Acylcarnitine translocase carnitine deficiency of ... (Carnitine acylcarnitine translocase-deficiency) - Gen SLC25A20
Carnitine deficiency-acylcarnitine translocase (CACT) is a disorder that prevents the body use certain fats for energy, particularly during periods of fasting. Usually the signs and symptoms of this disorder begin soon after birth and may include respiratory problems, seizures and arrhythmia. People usually have hypoglycemia and a low concentration of ketones, which are produced during the decomposition of fats and used to produce energy. Together, these signs are called hypoketotic hypoglycemia. Other manifestations may include hyperammonemia, hepatomegaly and cardiomyopathy. Many newborns with the disease do not survive the neonatal period. Some affected individuals have a less severe form of the disease and the signs and symptoms do not occur until early childhood. These people are at risk of liver failure, nerve damage, coma and sudden death.
This process is due to mutations in the SLC25A20 gene (solute carrier family 25 member 20), located on the short arm of chromosome 3 (3p21.31). This gene codes acylcarnitine translocase carnitine (CACT) protein. This protein is essential for the oxidation of a multistep process that metabolizes fats and fatty acids into energy. Oxidation of fatty acids occurs in the mitochondria. Fatty acids long chain must be attached to a molecule of carnitine to enter the mitochondria. Once these fatty acids bind with carnitine, CACT protein transports them to the mitochondria. Fatty acids are an important source of energy for the heart and muscles. During periods of fasting, the fatty acids are also an important source of energy for the liver and other tissues.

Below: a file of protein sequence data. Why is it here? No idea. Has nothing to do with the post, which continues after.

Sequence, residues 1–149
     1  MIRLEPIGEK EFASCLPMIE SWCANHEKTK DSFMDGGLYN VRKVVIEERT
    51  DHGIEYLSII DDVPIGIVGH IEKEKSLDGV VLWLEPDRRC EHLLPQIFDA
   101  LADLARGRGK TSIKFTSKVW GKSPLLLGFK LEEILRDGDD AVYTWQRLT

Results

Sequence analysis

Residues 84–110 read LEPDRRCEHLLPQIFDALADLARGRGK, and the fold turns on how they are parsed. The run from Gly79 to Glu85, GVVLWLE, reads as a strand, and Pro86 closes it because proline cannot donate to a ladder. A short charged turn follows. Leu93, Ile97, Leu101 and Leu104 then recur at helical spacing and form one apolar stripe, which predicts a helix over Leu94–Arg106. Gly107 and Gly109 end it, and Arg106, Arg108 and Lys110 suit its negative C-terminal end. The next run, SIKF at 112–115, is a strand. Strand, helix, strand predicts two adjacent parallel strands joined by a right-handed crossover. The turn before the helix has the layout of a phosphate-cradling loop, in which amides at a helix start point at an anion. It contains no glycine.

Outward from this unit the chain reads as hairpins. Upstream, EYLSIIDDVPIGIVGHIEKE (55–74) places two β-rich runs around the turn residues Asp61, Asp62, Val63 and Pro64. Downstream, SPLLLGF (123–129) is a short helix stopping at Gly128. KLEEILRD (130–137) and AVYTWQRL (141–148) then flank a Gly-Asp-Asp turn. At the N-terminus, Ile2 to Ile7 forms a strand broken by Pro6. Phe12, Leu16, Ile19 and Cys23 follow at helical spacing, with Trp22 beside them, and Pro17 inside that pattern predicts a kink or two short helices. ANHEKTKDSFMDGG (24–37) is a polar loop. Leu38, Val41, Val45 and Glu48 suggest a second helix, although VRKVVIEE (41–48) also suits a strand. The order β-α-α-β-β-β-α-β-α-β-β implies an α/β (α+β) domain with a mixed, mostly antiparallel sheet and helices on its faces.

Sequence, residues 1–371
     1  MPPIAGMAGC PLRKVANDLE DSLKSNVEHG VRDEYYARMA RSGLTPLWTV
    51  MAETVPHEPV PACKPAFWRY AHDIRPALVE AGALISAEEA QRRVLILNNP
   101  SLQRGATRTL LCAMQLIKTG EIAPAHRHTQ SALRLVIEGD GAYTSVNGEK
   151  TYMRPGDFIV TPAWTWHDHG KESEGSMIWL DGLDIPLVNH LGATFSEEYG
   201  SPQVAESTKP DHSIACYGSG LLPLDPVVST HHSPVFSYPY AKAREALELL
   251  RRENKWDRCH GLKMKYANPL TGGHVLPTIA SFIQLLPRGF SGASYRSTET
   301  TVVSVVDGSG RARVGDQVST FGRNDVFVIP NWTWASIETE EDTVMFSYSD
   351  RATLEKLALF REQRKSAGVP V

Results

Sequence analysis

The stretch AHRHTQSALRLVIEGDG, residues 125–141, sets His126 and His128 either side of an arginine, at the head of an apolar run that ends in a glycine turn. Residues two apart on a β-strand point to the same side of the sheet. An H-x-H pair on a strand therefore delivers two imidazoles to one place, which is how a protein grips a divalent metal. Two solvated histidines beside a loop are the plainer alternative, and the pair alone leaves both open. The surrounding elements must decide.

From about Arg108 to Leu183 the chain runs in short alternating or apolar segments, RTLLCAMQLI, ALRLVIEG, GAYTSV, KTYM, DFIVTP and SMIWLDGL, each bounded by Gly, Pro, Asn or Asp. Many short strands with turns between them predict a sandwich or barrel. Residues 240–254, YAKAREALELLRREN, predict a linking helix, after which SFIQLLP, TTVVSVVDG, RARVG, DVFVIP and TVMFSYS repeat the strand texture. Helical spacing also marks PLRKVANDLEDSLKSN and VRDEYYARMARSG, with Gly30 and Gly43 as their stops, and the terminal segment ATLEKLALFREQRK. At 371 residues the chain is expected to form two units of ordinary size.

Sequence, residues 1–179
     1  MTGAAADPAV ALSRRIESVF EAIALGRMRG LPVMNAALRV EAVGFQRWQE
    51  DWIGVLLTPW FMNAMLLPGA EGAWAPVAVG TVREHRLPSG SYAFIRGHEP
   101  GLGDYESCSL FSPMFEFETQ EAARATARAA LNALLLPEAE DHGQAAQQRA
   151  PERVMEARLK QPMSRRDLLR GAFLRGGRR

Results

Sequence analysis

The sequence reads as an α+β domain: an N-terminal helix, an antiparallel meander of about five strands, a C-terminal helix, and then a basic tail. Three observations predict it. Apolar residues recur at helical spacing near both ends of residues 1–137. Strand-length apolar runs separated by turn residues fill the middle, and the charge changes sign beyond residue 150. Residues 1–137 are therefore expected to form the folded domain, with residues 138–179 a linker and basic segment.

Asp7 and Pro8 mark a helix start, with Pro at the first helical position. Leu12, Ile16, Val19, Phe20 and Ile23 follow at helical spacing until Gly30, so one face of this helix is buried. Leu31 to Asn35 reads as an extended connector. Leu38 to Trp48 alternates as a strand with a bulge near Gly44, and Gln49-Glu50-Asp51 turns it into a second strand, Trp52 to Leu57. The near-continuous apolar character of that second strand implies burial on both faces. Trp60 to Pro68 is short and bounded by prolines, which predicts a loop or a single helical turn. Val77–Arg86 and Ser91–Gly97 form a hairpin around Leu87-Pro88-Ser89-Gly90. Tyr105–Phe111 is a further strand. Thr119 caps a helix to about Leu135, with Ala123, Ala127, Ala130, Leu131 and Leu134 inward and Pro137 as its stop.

They have identified at least 27 mutations in the gene SLC25A20 in people with carnitine-acylcarnitine deficiency translocase (CACT). Although these mutations change the structure of the protein CACT different ways, all cause a deficiency of the protein. Without enough functional protein CACT, fatty acids long chain can not be transported to mitochondria. Consequently, these fatty acids are converted to energy. A decrease in energy production can lead to some of the characteristics of CACT deficiency, as hypoketotic hypoglycemia. In addition, fatty acids and long - chain acylcarnitines can also accumulate in the cells and damage the liver, heart and muscles. This accumulation causes the other signs and symptoms of the disease.
This disease is inherited in an autosomal recessive pattern, that is, both copies of the gene in every cell must have mutations for alteration is expressed. The parents of an individual with an autosomal recessive disease have a copy of the mutated gene, but usually show no signs and symptoms of the disease.
Tests in IVAMI: in IVAMI perform detection of mutations associated with carnitine deficiency acylcarnitine translocase-by complete PCR amplification of the exons of the SLC25A20 gene, and subsequent sequencing.
Samples recommended: EDTA blood collected for separation of blood leukocytes, or impregnated sample card with dried blood (IVAMI may mail the card to deposit the blood sample).